OU, Other Schools, Push for Coed Rooming



Who wouldnt -- man or woman -- want to room with this guy?
  • Who wouldn't — man or woman — want to room with this guy?

As if you couldn’t sex-up college life enough, some Ohio universities are making the push for coed housing — as in guys and gals sharing the same dorm room. Predictably, opponents say this loosening of standards will hasten the destruction of society as a whole.

The Columbus Dispatch runs down the issue. Over the last 10 years or so, many schools — or at least those on the left-hand side of the spectrum — have introduced “gender neutral” housing features, such as coed dorms (good idea) and unisex hall bathrooms (horrible, horrible idea). Some student activists would like to see the efforts go one step further. College administrators say they’re busy “studying” the issue, whatever that means.

According to the sex-crazed progressively minded students behind the push, coed housing is more about comfort for gay and transgender students than facilitating easy access for drunken hooks-up (who would have thought?). Ohio University currently allows gay students to petition for an opposite sex roommate, but the individual in question has to go through an approval panel, which is basically an outing session. The school is currently considering doing away with the potentially embarrassing procedure and instead opening all housing to coed roommates, gay or straight.

"We're in the business of creating safe environments, and we think this is just the next logical step," OU housing bigwig Judy Piercy tells the Dispatch.

At liberal arts school Denison University, students are also trying to clear a path to free love common sense housing. There, a petition circulated the student body asking administrators to loosen housing strictures.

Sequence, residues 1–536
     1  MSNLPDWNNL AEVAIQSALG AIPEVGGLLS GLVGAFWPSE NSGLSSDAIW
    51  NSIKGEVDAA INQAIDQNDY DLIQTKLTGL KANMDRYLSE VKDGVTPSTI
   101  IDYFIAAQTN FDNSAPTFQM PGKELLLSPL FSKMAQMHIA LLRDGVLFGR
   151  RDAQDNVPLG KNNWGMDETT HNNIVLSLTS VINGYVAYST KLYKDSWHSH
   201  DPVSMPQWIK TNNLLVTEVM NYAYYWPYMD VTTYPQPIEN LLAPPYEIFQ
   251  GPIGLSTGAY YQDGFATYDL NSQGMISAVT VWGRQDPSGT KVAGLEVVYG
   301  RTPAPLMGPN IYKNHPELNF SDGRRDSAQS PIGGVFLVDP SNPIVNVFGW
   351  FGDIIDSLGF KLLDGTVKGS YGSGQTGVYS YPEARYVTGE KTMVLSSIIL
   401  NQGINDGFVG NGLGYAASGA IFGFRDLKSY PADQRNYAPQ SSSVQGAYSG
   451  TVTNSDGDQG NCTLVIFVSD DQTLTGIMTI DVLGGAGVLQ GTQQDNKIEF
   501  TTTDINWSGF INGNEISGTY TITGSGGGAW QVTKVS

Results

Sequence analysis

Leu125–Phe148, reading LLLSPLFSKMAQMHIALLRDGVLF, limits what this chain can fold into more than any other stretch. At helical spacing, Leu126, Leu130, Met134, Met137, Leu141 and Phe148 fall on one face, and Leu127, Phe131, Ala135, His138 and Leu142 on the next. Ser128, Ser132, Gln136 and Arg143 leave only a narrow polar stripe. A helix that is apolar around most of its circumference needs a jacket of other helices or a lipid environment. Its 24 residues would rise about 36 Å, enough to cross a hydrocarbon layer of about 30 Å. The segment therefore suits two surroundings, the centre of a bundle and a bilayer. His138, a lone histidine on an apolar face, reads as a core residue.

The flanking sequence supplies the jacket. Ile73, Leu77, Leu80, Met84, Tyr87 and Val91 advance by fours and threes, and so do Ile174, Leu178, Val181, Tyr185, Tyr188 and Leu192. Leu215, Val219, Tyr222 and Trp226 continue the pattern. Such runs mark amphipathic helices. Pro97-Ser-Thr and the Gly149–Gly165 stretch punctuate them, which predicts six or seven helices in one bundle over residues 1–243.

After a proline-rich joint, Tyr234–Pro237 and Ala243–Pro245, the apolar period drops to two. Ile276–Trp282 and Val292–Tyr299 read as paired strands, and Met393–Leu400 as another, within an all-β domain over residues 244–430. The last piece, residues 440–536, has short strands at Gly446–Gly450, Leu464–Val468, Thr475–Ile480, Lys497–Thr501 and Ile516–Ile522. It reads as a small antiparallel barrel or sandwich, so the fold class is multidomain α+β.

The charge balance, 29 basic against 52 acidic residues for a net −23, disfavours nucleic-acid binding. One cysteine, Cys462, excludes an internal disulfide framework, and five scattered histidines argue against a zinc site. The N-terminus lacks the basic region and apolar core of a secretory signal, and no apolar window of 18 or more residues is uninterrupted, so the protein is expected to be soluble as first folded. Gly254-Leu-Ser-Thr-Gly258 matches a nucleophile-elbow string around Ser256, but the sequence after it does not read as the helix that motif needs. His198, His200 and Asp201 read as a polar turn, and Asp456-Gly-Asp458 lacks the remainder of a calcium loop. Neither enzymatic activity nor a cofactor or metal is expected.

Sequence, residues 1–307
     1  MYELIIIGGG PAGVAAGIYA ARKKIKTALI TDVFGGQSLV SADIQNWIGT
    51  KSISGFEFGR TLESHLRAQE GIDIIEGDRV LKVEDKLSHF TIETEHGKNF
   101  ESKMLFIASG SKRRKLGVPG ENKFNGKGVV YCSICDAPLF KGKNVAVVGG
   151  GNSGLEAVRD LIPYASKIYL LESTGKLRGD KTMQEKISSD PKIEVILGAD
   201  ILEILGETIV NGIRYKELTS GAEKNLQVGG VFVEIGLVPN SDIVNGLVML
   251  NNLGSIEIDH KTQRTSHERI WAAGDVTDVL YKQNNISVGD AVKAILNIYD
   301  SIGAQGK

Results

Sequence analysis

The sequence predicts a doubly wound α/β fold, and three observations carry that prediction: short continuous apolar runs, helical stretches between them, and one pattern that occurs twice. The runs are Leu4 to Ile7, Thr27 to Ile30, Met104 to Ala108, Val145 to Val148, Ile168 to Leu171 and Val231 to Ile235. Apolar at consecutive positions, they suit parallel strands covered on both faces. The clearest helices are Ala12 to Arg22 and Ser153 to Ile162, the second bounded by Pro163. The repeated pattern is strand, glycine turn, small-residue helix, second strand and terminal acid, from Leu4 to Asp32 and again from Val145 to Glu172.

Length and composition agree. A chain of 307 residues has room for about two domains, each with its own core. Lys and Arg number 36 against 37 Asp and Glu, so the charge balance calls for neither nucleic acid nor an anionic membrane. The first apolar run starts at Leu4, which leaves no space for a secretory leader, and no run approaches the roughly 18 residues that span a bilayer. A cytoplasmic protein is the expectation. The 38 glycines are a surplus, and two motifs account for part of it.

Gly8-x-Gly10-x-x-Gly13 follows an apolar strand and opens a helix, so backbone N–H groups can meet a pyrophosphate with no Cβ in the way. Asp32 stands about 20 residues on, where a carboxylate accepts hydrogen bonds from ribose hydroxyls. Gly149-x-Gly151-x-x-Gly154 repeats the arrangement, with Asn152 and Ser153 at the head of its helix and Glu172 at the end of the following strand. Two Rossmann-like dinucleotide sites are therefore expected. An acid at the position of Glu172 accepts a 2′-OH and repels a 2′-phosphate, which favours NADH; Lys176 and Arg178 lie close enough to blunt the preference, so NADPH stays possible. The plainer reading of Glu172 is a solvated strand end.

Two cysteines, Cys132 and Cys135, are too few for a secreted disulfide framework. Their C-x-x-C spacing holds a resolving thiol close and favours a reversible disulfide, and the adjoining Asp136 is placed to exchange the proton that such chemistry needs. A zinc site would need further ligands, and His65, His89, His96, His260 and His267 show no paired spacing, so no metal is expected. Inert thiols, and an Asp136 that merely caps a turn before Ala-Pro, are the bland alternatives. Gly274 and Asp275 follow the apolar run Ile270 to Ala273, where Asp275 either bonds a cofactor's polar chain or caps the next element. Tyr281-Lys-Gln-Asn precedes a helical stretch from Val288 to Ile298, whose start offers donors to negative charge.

"We knew students wanted to live with whomever they wanted, but at the same time, we knew some people would look at this as a morality issue," Denison dean of students Dwayne Todd told the Dispatch.

“Morality issue” seems an interesting card for administrators to play, these being people who basically curate a four-year vacation in human excess. At this point, most people don’t get all Tom Wolfe-jaw-drop about the antics of college students, so why worry about whether Jack and Jill share a dingy, linoleum-floor room? Sure, take two nubile coeds, already overly stimulated by the seemingly limitless access to un-parented opportunity, toss them in a room together and drench the situation in the standard college helping of booze, and you’re sure to get some R-rated action behind the closed door. Then again, maybe they’ll act like, oh, I don’t know, adults or something like that.

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